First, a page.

Dave Butterworth, and colleagues from Healthy Abingdon, organised the Abingdon Healthfest on Abingdon Market Place. There were thirteen stalls with different community groups. The event was sponsored by Penlon, the Abingdon company that makes lots of important equipment for the health sector.
One of Abingdon’s Guild of Town Criers was there to announce the events. He also did a cry from on top of the County Hall roof.
The Mayor of Abingdon-on-Thames, Cllr Cheryl Briggs, spoke to a lot of the stalls.
A fire engine from the Abingdon Fire Station was on display. The fire service were promoting Bikeability (cycle training).
Last weekend I showed Mr. Busby and his Beekeeping business. This week he was there on the Abingdon Free Wheelers cycle stand. They have a calendar of weekly rides for all abilities.
Abingdon Athletics Club has coaching sessions on track and road running. Look at Abingdon Athletic Club to find out more.
Dementia Friendly Abingdon aim to make the town more supportive of people affected by dementia, and their carers.
Other groups included:
* Active Communities
* Abingdon Parkrun
* Community Dental Service
* Leisure / Tennis Centre
* Shed Oxford
* Talking Space Plus were giving out stress balls. If a stress ball is not enough, they also have videos and material to help and can arrange free talking therapies.
Bryan and Tim were letting people know that the Abbey Buildings have reopened and had a special open day.
Bryan has been working hard on the lottery bid to improve access to the Abbey Buildings. The Town Council have given a grant of £25k towards the project.
Tim has been curator for 4 years and is returning to the USA next week. There is an interview with him in the video at the end of this post. Also in the video are Abingdon Traditional Morris Dancers, and Oxford Waites.
The Abingdon Traditional Morris Dancers started under the County Hall.
They then made their way to the Abbey Buildings like Pied Pipers, leading the crowds.
In the garden at the Abbey Buildings was a beer tent and a cake stall. There was free ice cream for children.
Here are Bryan Brown, chairman of trustees of the Abbey Buildings Trust; Cheryl Briggs, The Mayor of Abingdon-on-Thames; and the Town Crier.
Members of the Studio Theatre Club were near the Unicorn Theatre where they will be performing Terry Pratchett’s Murder In Ankh-morpork from 17th-20th November. (16th November 2021 marks 50 years of Terry as a published author.) Tickets go on sale on 14th September. They will go as fast as tickets to the Truck Festival.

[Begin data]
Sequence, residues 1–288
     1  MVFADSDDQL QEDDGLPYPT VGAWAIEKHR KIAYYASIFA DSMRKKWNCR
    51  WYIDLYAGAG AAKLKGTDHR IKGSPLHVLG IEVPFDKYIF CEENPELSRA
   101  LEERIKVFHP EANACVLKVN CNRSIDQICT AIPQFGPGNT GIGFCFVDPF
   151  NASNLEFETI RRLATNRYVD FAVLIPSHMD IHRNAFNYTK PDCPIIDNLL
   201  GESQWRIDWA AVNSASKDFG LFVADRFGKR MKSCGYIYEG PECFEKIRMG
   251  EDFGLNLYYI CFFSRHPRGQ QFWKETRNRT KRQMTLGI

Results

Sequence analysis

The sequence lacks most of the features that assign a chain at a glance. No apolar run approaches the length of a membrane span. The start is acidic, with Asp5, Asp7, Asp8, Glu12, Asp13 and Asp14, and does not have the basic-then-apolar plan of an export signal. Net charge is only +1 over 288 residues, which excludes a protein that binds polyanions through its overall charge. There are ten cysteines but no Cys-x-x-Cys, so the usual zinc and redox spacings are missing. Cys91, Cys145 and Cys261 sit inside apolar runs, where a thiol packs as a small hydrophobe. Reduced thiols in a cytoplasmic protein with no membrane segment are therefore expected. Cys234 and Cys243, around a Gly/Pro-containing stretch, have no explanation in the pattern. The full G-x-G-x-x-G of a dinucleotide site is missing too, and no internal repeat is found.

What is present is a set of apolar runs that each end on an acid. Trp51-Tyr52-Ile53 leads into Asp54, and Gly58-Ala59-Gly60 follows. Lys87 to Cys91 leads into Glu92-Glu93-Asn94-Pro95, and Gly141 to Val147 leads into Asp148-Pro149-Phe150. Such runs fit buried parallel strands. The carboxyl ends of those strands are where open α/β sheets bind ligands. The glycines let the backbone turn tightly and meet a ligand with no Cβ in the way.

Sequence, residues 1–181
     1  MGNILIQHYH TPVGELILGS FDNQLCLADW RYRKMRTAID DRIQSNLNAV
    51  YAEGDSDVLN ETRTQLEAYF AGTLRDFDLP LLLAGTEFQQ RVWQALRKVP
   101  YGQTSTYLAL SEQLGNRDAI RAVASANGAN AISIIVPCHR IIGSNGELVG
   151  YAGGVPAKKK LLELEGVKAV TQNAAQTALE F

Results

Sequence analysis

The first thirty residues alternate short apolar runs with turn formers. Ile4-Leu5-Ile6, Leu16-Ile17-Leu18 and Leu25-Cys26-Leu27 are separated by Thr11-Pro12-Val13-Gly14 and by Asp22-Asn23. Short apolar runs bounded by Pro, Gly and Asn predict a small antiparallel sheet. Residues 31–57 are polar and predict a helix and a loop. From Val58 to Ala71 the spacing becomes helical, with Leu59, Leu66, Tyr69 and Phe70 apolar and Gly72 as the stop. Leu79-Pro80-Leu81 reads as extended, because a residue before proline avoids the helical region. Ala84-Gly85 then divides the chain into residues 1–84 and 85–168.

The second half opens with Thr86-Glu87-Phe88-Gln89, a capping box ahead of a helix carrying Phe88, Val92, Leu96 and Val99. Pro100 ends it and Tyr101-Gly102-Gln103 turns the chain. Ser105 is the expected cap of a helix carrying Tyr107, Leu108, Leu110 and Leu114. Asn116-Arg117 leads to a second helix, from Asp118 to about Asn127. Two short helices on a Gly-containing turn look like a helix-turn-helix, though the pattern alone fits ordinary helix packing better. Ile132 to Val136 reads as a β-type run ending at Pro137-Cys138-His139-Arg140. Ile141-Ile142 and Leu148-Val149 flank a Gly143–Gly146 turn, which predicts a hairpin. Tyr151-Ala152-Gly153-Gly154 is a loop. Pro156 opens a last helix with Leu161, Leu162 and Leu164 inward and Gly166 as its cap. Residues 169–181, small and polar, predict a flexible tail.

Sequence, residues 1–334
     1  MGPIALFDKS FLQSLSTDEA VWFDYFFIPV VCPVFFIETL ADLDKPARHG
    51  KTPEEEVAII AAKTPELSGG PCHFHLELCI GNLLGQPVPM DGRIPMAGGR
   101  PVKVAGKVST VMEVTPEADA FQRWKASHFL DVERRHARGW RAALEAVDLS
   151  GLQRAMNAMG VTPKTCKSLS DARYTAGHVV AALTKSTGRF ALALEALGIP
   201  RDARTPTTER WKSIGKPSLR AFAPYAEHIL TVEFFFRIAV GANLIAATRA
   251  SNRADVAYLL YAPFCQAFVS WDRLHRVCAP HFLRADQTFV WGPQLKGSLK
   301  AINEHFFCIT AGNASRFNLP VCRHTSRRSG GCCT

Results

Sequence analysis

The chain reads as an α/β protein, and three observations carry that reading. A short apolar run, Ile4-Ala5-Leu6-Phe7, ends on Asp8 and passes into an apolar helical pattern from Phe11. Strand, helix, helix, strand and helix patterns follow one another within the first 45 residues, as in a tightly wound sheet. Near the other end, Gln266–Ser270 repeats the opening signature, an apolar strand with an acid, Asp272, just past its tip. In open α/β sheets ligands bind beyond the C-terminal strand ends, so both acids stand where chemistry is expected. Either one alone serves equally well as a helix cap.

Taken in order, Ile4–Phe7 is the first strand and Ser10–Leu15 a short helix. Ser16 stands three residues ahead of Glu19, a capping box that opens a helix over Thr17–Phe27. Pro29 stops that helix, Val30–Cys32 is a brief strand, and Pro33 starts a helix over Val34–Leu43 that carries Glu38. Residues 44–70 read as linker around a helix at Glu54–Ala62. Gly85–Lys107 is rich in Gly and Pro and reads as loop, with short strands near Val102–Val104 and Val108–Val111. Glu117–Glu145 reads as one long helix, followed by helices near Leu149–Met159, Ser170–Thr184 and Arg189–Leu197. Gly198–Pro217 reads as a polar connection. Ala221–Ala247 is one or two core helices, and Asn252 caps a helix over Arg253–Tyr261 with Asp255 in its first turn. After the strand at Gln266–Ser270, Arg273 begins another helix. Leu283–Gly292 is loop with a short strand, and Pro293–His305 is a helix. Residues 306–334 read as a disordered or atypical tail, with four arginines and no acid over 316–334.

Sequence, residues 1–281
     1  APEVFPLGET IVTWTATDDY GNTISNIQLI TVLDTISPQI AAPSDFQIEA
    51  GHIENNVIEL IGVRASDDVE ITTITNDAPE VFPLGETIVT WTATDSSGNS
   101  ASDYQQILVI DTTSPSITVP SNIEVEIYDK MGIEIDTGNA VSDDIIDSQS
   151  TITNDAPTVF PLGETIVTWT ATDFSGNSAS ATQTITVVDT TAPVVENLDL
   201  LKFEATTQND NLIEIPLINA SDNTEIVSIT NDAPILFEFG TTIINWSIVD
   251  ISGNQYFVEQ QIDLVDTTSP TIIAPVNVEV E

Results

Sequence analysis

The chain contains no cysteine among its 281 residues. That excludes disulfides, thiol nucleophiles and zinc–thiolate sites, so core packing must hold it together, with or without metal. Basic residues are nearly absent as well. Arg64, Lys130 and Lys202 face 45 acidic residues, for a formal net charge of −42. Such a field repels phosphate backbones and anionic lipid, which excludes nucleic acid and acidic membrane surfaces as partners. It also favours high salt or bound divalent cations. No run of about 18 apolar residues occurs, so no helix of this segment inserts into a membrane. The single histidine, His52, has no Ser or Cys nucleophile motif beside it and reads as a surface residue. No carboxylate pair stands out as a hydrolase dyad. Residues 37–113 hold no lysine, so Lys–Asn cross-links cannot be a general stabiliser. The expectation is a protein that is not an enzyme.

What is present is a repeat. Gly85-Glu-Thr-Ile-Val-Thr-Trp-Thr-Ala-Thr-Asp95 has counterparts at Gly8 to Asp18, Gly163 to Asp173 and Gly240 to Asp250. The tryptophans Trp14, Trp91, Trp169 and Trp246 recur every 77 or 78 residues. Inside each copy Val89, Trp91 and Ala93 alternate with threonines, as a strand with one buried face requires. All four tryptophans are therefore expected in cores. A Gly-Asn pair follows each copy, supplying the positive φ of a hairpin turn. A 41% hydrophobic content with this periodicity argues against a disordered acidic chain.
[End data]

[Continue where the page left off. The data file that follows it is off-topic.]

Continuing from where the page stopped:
Performing in the Long Gallery were the Oxford Waites.
On the Markey Place was the first Local Excellence Market since legal Covid-19 restrictions were lifted.
The Love Beer brewery, from nearby Milton, had a stall for the first time.
Martin Wackenier also had a stall and sold over 20 of his 2022 Abingdon-on-Thames Calendars. Martin has just won the award for best photographer in Bucks and Oxfordshire in the Muddy Stilettos Awards 2021. Other Abingdon winners were The Tipsy Mercer (for best Bar), and Mostly Books (for best Bookshop). 3 winners is better than any other place.
Since the start of June there has been a new grocer, with dried goods, at the Monday Market in Abingdon.
My wife thinks there is less packaging at the market than supermarkets and so we try to buy vegetables on Monday.
This Monday there were no longer stewards to help control social distancing.
The Isla Jane Bakery looked colourful as did the flowers stall. Today’s heat made some of the flowers wilt.
I felt a bit more self conscious about wearing a mask than usual. I asked one shop keeper whether she had to wear a mask. She said it was left up to her to decide but she thought mask wearing was still the right thing to do with the large increase in infections.
At the library there was nobody outside the door anymore. The track and trace box and QR code had been moved inside the library and is a matter of personal choice. The government is advising that masks should still be worn in crowded public spaces, but the library was not crowded. So some people had chosen not to wear a mask. It is an individual choice now there is no legal requirement.
The Farmers Market was on the Market Place in Abingdon today.
It was my first time inside both independent bookshops since the reopening. The Book store is in Bury Street precinct.
Two shops have closed in Bury Street during the shutdown. The Gift Centre has closed – probably deciding not to renew a lengthy lease. Also Peacocks went into administration and is now closed. 200 of the 400 Peacock stores will be re-opening as the chain have been brought out out administration. I don’t know about the Abingdon shop.
Mostly Books were also open. On display there is Trinity by Frank Close. Trinity was the code name for exploding the test atomic bomb in 1945. This well researched story is about Klaus Fuchs, a communist sympathiser, who passed atomic secrets to the Soviets during the race for development of the nuclear bomb. The book has both spying and science.
The library is also open and there I saw another book by Frank Close called Neutrino. Frank Close is a nuclear physicist who lives in Abingdon and often helps at the ATOM Science festival